By Hartsville Vidette Staff Reporter

May 12, 2020 marked the 200th anniversary of Florence Nightingale’s birth. Nightingale is respected by nurses around the world for transforming nursing to a profession.

Hartsville Health and Rehabilitation Center recently honored 92-year-old resident Dorothy Newbern for her 72 years of being a Registered Nurse.

Submitted photo
Hartsville Health and Rehabilitation Center Director of Nurses Christine Murray presents resident Dorothy Newbern with a poster of HHR nurses, which includes Ms. Newbern’s name and photo.

Ms. Newbern graduated in 1948 with her RN from the now-closed St. Joseph’s Hospital School of Nursing, which was in Memphis. Ms. Newbern’s younger sister, Jean Quinn, shared that her older sister originally wanted to be an airline stewardess, which required being a nurse.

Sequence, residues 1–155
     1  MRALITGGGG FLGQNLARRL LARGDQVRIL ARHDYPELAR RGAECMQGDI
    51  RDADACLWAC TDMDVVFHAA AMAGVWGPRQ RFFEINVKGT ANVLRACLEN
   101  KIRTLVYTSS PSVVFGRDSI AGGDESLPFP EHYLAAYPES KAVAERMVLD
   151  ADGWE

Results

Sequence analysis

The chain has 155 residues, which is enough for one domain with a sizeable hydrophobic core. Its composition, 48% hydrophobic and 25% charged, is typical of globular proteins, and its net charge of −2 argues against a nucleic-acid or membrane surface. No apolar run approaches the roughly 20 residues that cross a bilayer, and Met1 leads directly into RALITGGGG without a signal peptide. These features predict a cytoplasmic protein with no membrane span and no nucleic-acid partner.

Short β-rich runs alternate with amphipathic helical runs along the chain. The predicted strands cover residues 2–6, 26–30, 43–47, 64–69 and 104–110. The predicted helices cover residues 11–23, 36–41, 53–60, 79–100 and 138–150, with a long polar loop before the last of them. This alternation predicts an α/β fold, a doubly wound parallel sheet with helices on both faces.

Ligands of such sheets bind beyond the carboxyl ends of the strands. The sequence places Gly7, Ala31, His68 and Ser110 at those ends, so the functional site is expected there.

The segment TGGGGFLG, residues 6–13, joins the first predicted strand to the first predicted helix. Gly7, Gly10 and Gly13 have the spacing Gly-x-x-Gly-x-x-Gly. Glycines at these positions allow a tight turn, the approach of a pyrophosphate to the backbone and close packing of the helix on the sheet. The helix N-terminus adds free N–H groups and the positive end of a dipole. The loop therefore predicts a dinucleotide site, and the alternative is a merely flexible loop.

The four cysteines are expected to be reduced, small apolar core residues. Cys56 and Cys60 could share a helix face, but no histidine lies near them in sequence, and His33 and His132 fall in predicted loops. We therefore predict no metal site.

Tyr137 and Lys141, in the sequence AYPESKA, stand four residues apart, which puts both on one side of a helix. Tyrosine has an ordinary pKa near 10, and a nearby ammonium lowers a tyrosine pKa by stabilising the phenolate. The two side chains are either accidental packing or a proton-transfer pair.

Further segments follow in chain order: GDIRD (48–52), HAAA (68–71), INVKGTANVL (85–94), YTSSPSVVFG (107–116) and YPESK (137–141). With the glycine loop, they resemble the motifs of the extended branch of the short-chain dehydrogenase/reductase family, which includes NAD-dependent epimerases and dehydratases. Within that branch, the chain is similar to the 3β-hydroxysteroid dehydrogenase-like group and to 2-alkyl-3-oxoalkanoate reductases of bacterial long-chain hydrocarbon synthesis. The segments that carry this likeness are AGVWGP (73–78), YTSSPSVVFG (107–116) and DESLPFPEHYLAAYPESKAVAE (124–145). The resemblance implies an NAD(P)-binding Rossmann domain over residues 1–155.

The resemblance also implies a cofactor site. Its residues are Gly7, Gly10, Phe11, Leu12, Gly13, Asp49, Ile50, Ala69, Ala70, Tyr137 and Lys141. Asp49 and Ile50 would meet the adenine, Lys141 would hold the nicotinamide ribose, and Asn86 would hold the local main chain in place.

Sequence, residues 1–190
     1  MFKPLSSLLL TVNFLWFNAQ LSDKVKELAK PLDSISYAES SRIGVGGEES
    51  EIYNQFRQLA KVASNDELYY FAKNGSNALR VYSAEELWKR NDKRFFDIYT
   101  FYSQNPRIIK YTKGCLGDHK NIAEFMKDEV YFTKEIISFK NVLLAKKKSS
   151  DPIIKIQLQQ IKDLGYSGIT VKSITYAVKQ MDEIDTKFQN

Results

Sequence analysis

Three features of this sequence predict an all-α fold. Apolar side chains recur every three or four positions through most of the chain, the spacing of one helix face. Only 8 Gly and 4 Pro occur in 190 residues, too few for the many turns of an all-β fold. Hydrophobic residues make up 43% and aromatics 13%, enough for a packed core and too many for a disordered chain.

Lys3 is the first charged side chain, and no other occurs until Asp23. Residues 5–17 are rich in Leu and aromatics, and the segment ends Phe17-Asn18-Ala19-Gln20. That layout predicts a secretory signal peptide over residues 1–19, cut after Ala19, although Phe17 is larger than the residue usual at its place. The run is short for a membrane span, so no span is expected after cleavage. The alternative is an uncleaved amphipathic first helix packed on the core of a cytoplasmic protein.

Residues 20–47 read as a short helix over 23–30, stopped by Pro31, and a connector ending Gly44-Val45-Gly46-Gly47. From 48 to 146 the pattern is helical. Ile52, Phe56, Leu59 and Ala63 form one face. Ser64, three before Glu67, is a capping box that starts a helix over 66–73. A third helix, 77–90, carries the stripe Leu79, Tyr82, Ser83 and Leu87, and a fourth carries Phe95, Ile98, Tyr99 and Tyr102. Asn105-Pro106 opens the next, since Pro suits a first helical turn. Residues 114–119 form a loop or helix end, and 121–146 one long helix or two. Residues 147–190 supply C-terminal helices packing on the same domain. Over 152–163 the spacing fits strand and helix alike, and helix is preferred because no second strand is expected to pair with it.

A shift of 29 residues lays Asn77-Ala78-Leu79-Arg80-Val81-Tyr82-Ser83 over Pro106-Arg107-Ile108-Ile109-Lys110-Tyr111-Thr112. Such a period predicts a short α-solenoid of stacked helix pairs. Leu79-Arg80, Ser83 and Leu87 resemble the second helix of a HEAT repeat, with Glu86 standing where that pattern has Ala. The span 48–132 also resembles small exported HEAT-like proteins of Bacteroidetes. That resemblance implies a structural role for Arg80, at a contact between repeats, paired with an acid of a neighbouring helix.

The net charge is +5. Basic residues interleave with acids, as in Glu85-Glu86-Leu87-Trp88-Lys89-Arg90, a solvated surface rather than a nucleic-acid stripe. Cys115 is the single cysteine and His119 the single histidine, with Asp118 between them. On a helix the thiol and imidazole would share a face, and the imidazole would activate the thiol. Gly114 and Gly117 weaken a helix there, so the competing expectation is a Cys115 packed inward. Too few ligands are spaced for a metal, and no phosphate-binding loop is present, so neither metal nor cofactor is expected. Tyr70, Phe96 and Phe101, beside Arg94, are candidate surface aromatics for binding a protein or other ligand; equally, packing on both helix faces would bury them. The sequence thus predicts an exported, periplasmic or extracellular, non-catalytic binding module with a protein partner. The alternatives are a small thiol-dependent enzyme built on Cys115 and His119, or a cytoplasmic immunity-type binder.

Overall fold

Marriage and the birth of three daughters changed her career choice and she used her skills and knowledge to work as a nurse in the hospital. Her first job after graduation was at the historical U.S. Marine Hospital in Memphis. When the hospital closed in 1965, she went to work at the Memphis Veteran’s Affairs Hospital.

Quinn reflected on how her older sister inspired her to become a registered nurse in 1957. While in nursing school, Quinn was approached by a physician and was told, “You better hope to be as good of a nurse as your sister!” Quinn said this was such a compliment to her sister’s nursing practice.

Newbern practiced nursing through the Korean and Vietnam wars. She has lived through the 1957 Asian Flu, the 1968 H3N2, the 2009 H1N1 pandemics and is now living through the COVID-19 pandemic.

When asked what to do to keep from getting sick she replied, “Wash your hands.”

In fact, Hartsville Health and Rehab currently has no cases of COVID-19.